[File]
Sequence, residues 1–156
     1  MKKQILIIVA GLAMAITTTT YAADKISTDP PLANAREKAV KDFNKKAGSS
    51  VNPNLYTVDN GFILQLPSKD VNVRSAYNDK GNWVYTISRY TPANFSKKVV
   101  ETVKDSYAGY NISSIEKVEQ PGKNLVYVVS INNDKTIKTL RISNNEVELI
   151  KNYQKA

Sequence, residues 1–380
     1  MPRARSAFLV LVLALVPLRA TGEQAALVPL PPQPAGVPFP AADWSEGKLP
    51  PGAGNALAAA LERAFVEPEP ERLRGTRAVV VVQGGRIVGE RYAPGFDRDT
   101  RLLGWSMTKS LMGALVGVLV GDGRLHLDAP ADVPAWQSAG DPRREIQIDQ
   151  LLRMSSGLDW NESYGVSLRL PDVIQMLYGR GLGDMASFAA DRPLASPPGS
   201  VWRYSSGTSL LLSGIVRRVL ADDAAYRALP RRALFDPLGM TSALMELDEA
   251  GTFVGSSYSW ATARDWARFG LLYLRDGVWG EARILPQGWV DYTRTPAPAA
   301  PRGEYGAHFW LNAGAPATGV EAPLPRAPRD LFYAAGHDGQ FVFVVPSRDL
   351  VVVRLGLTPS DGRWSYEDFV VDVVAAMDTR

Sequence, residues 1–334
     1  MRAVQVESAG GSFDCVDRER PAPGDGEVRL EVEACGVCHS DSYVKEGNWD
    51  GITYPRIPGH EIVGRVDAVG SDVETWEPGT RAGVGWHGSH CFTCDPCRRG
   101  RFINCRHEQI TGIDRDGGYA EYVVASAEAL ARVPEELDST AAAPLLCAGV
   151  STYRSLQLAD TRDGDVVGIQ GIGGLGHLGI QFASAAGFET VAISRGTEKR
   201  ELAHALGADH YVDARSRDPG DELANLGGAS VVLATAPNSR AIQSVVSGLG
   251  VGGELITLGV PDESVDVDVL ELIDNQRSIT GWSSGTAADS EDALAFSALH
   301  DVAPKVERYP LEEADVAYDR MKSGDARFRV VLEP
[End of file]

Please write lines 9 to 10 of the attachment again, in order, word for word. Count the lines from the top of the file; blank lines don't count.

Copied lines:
   101  RLLGWSMTKS LMGALVGVLV GDGRLHLDAP ADVPAWQSAG DPRREIQIDQ
   151  LLRMSSGLDW NESYGVSLRL PDVIQMLYGR GLGDMASFAA DRPLASPPGS